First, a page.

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It’s one of the most recognisable pieces of graphic design in the world, yet the man who created this iconic symbol played down his role in creating the symbol for decades.

Gary Anderson was a twenty-three-year-old architecture graduate when he entered a competition run by the Container Corporation of America to design a graphical symbol that would be used to identify recycled paper.

It was 1970, and environmental concerns were driving innovation and some strands of the public discourse. The creation of the symbol would honour Earth Day on April 22nd, which was celebrated for the first time that year.

Anderson had taken a graphic design course as a requirement for his architecture degree at the University of Southern California and so, after seeing a poster advertising the competition, thought “he’d give it a go”.

He built on some of his existing work – to present a graphic that described the flow of water for a presentation about recycling waste water as part of his university course – incorporating the arrows, arcs and angles and adding in the fold element of the design to represent folded-over paper.

The prize was judged by leaders in graphical and industrial design, including Saul Bass, Herbert Bayer, James Miho, Herbert Pinzke and Eliot Noyes. Anderson was chosen from around 500 entries and won $2,500 prize money for his design.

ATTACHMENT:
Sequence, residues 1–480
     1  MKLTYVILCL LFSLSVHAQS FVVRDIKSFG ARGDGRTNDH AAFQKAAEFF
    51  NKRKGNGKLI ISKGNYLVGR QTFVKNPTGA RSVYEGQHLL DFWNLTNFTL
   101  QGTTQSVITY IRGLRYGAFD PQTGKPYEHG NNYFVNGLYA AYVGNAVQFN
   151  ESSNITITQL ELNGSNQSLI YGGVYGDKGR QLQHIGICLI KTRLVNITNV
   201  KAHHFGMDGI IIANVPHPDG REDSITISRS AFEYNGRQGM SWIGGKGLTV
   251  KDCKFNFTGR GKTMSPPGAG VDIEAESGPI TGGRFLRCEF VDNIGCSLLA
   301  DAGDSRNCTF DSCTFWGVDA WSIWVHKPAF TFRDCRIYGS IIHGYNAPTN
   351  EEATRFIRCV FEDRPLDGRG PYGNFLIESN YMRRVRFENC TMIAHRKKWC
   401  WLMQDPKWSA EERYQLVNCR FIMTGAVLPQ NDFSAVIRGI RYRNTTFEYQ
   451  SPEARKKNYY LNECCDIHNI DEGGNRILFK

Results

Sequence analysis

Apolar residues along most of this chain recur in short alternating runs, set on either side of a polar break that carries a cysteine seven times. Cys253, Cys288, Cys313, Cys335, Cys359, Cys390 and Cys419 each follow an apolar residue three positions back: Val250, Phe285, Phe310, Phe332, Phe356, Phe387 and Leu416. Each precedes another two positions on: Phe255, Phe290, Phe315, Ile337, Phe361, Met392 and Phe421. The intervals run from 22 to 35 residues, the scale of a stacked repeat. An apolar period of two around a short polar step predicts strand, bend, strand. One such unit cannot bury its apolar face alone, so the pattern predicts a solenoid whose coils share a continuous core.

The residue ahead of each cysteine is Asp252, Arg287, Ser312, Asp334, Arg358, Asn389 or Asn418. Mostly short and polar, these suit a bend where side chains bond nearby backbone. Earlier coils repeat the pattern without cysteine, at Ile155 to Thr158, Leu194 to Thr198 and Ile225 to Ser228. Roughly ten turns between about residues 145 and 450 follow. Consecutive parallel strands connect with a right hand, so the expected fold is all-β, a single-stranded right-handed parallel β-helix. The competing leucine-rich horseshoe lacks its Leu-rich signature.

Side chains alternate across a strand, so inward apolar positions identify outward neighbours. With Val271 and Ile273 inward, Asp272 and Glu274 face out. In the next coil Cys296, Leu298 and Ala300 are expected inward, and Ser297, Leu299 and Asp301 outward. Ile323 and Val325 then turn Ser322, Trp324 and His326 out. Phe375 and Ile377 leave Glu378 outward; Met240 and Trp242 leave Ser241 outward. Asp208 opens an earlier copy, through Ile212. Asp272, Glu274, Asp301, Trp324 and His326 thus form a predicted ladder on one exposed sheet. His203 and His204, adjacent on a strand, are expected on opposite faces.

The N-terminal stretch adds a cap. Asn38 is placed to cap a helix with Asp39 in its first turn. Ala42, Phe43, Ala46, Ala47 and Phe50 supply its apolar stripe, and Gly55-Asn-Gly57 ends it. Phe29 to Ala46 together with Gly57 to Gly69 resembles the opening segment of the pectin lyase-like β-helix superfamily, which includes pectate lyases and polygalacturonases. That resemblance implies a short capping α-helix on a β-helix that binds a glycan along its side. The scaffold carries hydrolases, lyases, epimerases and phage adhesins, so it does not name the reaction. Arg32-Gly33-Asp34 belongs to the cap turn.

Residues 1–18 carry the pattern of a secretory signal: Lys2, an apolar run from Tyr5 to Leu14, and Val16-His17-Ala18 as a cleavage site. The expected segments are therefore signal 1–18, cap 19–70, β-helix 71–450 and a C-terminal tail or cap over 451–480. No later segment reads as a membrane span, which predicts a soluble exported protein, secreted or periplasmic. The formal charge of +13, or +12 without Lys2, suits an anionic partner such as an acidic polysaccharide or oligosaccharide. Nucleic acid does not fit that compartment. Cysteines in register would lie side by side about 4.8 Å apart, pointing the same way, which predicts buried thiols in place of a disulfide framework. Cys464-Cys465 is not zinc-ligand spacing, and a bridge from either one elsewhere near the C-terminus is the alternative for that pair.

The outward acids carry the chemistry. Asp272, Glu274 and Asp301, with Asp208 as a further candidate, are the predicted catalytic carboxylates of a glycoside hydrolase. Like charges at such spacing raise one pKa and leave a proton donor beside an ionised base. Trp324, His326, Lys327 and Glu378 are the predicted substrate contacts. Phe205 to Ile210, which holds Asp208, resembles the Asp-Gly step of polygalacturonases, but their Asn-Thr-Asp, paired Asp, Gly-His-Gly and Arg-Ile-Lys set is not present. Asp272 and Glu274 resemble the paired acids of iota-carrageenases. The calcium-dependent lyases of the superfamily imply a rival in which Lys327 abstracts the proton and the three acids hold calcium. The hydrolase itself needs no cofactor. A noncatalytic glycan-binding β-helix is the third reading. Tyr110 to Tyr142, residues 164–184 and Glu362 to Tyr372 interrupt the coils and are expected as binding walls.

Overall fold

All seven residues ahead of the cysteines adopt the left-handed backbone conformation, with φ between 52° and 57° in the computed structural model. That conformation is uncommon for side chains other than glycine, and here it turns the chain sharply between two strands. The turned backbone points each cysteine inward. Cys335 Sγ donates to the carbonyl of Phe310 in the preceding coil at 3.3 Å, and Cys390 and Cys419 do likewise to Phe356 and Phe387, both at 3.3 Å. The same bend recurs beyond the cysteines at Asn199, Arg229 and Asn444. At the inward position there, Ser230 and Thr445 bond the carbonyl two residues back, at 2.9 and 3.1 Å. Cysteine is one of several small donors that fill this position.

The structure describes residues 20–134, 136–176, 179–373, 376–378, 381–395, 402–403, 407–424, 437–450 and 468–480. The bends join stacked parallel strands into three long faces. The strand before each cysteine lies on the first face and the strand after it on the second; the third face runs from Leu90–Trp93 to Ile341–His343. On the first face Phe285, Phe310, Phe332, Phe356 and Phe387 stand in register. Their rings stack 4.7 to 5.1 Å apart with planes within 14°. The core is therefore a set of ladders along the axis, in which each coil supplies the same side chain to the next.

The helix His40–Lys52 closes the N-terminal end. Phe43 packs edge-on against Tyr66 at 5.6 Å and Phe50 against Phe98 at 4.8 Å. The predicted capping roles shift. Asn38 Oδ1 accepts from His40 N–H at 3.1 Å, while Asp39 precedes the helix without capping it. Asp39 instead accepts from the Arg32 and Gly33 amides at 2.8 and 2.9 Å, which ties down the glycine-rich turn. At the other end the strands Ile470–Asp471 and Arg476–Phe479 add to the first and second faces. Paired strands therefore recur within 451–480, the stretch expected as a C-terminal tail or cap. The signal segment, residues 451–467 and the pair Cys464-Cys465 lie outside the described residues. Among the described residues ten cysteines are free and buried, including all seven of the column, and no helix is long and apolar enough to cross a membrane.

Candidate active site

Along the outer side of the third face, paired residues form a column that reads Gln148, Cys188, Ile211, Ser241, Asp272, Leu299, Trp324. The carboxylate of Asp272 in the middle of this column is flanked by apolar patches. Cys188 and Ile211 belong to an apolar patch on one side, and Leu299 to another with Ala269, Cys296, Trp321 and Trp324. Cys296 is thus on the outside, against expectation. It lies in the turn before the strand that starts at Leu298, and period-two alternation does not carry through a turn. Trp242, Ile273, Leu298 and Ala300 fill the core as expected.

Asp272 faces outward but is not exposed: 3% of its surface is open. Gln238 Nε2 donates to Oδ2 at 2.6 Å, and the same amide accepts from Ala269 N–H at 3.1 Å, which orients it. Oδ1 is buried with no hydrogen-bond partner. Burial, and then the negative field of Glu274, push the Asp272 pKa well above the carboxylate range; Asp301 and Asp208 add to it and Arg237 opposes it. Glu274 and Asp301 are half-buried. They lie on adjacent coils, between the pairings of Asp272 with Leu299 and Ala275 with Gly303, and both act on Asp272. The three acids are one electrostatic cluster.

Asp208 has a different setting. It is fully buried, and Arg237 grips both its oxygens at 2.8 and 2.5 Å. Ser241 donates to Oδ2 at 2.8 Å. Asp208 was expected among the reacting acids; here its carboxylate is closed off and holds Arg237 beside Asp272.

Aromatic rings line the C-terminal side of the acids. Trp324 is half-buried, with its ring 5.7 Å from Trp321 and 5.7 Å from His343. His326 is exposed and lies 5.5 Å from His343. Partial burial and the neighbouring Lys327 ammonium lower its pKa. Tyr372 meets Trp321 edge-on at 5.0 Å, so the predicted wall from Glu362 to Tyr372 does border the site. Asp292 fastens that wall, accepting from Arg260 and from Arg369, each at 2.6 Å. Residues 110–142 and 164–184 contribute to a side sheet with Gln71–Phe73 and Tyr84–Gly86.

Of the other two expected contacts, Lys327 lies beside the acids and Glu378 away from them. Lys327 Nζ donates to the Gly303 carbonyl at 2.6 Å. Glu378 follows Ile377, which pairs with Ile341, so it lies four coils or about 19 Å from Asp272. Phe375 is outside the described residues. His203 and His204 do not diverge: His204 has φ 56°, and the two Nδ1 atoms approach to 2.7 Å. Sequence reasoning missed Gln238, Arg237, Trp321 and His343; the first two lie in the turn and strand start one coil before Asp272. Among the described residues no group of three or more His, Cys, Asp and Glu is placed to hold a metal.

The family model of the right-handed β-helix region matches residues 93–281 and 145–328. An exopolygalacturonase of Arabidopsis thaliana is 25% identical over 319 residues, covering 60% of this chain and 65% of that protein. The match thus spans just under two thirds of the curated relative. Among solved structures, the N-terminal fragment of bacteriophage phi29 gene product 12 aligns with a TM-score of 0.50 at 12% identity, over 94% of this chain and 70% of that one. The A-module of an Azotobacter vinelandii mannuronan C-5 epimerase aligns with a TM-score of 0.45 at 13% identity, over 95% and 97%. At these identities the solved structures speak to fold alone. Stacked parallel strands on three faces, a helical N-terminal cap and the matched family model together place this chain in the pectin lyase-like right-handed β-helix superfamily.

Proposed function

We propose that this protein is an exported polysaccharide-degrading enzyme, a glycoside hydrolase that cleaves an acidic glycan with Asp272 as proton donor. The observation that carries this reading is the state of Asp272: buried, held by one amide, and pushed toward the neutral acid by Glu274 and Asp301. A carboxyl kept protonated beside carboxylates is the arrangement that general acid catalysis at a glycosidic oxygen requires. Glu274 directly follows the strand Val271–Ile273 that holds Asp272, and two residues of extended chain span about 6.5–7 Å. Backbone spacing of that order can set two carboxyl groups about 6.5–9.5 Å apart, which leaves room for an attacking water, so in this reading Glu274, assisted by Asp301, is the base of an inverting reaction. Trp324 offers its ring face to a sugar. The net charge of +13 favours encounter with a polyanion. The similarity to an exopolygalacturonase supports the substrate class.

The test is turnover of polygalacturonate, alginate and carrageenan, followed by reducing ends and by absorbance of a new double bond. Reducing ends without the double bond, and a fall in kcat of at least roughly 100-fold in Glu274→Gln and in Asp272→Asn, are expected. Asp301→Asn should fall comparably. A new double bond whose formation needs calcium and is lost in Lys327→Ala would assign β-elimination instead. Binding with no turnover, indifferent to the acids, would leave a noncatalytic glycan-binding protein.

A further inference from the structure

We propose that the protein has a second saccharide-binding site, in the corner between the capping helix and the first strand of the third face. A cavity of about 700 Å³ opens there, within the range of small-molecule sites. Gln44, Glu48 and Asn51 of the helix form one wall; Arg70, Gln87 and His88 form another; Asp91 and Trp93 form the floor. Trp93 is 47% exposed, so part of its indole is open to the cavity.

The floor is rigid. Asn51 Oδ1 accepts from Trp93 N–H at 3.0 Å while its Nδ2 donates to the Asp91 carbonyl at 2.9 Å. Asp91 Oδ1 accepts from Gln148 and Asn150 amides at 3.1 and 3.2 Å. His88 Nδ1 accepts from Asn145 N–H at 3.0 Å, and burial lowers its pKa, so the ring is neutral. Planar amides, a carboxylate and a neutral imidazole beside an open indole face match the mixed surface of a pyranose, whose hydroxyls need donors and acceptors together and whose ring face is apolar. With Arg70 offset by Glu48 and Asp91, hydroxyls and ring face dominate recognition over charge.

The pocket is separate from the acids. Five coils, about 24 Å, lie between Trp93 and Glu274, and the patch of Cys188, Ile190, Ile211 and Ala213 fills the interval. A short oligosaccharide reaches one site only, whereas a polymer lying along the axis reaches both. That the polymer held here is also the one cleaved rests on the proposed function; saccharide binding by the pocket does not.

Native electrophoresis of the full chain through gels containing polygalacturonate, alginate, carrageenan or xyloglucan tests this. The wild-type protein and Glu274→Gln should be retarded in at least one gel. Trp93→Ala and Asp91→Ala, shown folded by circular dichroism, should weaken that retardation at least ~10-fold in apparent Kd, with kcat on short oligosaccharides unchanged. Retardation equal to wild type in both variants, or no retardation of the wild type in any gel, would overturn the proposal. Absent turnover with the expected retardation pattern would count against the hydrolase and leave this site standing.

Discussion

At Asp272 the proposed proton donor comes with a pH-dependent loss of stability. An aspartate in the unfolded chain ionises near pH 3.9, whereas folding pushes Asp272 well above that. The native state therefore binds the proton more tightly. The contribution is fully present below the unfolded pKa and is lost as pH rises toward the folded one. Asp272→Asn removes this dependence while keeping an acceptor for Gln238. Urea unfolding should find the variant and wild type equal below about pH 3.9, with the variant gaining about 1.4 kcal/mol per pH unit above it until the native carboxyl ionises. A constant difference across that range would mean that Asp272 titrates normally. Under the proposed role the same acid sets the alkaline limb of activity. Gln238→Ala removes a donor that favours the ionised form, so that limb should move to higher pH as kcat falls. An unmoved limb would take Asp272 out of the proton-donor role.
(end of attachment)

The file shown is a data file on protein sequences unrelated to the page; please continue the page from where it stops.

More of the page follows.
However, Anderson subsequently played down his win. In 2012, he told the Financial Times, “When I finished my studies, I decided I want to go into Urban Planning and I moved to LA. It seems funny, but I really played down the fact that I’d won this competition. I was afraid it would make me look like a graphics guy, rather than an urban designer.

Anderson successfully established himself as an urban designer, working in commercial practice, a local Maryland Department of Community Development, at the University Planning Office of the University of Maryland, and at the School of Architecture and Planning at the King Faisal University in Saudi Arabia.

It wasn’t until he holidayed in Amsterdam that Anderson recognised the impact his design was having. “I’ll never forget: when I walked off the plane, I saw my symbol. It was on a big, igloo-shaped recycling bin. And it was bigger than a beach ball! I was really struck,” he later told the Financial Times, “I hadn’t thought about that symbol for years and here it was hitting me in the face.”

Subsequently, Anderson returned to the USA to continue his urban planning and architecture practice, working in commercial practice at STV Inc in Baltimore and teaching at John Hopkins University. In 2001, he was awarded the national Urbahn Prize for Architecture by the Society of American Military Engineers and 2005 became a Fulbright Senior Specialist , teaching urban and regional studies at the Helsinki University of Technology.

Even now, Anderson downplays the impact he has made: “I feel much closer to the recycling symbol now than I used to. Maybe this design is a bigger part of my life’s contribution than I had thought but still, I’d hate to think that my life’s work is defined by it. There’s more to me than the recycling symbol.

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